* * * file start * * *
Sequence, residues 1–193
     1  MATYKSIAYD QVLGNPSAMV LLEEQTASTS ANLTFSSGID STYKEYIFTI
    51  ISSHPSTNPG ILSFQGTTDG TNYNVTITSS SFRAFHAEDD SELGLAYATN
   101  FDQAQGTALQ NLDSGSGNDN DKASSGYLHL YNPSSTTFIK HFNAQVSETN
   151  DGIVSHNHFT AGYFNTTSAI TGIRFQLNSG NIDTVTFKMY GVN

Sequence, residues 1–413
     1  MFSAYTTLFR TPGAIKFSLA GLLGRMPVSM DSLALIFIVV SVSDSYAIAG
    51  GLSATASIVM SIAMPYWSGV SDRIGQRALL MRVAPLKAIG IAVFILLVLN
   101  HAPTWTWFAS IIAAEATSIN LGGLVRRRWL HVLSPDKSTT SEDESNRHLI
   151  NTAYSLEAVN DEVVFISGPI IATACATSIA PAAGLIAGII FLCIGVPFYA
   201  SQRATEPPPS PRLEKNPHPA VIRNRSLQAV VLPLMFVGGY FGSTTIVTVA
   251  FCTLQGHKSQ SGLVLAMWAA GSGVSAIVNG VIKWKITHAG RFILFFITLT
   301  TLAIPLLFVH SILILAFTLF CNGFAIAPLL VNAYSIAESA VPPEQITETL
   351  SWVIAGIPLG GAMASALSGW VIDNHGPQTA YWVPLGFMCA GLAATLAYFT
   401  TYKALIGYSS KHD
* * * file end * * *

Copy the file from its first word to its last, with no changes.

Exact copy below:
Sequence, residues 1–193
     1  MATYKSIAYD QVLGNPSAMV LLEEQTASTS ANLTFSSGID STYKEYIFTI
    51  ISSHPSTNPG ILSFQGTTDG TNYNVTITSS SFRAFHAEDD SELGLAYATN
   101  FDQAQGTALQ NLDSGSGNDN DKASSGYLHL YNPSSTTFIK HFNAQVSETN
   151  DGIVSHNHFT AGYFNTTSAI TGIRFQLNSG NIDTVTFKMY GVN

Sequence, residues 1–413
     1  MFSAYTTLFR TPGAIKFSLA GLLGRMPVSM DSLALIFIVV SVSDSYAIAG
    51  GLSATASIVM SIAMPYWSGV SDRIGQRALL MRVAPLKAIG IAVFILLVLN
   101  HAPTWTWFAS IIAAEATSIN LGGLVRRRWL HVLSPDKSTT SEDESNRHLI
   151  NTAYSLEAVN DEVVFISGPI IATACATSIA PAAGLIAGII FLCIGVPFYA
   201  SQRATEPPPS PRLEKNPHPA VIRNRSLQAV VLPLMFVGGY FGSTTIVTVA
   251  FCTLQGHKSQ SGLVLAMWAA GSGVSAIVNG VIKWKITHAG RFILFFITLT
   301  TLAIPLLFVH SILILAFTLF CNGFAIAPLL VNAYSIAESA VPPEQITETL
   351  SWVIAGIPLG GAMASALSGW VIDNHGPQTA YWVPLGFMCA GLAATLAYFT
   401  TYKALIGYSS KHD